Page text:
Q&A with San Francisco Energy & Infrastructure Partner Mark Weitzel

Law360 | February.16.2012

In this interview with San Francisco energy and infrastructure partner Mark Weitzel, he discusses his career and the renewable energy market.

Q: What aspects of your practice area are in need of reform and why?

A: Having worked on Ivanpah, one of the largest renewable energy projects, has made it clear to me the need for finding better ways of bringing investment capital to small- and medium-sized renewable energy projects, and to portfolios of residential solar installations.

Financing wind, solar, geothermal, biofuels and other renewable energy-based electrical generating facilities can be quite expensive. Other countries, especially in Europe, have chosen to promote the development of these facilities by enacting "feed-in tariff" rules, under which the government pays a relatively high price to buy the electricity. With that revenue source assured, investors and lenders provide the needed capital to build the facilities, knowing their investment will be repaid.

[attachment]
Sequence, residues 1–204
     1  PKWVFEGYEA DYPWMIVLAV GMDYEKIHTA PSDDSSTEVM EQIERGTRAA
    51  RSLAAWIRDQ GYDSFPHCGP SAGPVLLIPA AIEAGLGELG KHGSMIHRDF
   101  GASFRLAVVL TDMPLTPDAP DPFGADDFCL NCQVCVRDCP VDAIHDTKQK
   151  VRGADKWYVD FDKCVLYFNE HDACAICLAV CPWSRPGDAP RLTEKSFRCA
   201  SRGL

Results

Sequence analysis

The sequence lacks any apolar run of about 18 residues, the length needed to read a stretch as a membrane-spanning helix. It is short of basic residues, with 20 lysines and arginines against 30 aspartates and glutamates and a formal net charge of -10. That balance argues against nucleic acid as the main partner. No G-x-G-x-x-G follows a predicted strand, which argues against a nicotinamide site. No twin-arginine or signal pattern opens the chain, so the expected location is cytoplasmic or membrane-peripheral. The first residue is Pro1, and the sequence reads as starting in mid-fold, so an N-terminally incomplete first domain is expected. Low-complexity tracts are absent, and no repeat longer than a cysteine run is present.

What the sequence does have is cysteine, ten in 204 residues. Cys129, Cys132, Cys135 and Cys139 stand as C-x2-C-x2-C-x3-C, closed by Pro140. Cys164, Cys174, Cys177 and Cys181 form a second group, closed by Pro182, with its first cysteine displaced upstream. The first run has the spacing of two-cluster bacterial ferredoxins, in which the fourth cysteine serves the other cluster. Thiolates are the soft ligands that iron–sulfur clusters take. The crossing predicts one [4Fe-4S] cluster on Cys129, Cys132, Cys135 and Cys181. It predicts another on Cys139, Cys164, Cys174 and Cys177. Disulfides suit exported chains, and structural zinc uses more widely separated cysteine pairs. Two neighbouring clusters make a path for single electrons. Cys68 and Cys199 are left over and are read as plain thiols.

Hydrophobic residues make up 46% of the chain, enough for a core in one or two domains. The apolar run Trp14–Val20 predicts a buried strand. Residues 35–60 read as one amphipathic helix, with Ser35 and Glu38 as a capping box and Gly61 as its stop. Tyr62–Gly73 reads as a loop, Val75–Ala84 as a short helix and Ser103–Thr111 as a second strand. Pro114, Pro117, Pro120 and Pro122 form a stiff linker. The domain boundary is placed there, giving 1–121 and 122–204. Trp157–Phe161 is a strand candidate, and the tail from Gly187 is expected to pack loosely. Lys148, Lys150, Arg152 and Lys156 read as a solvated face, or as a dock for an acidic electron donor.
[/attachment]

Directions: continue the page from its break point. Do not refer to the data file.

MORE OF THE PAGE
Until very recently, the U.S. has gone down a very different road, choosing to promote the development of these facilities largely through its tax code, by providing tax benefits to owners of these facilities. Since the developers rarely have enough tax appetite fully to use these tax benefits, they bring in "tax equity investors," who make an investment in the project in exchange for being allocated virtually all of the tax benefits.

Most of these tax equity investors are large financial institutions, and the resulting deal structures are very complex, requiring significant time and expense. We are now working with our clients to find more efficient ways to bring needed investment to smaller projects, including reviewing feed-in tariff programs, and working toward standardized agreements to reduce costs.

Another exciting area to watch is the potential for using securitization techniques to raise capital markets financing for large pools of residential solar projects. Under these programs, residential energy portfolios are looked at in much the same manner as credit card or mortgage receivables, which can be debt financed on the strength of the overall portfolio, rather than on a project-by-project basis. My securitization colleagues are working closely with our project finance lawyers to help structure these deals — we expect to see the first of these go to market later this year.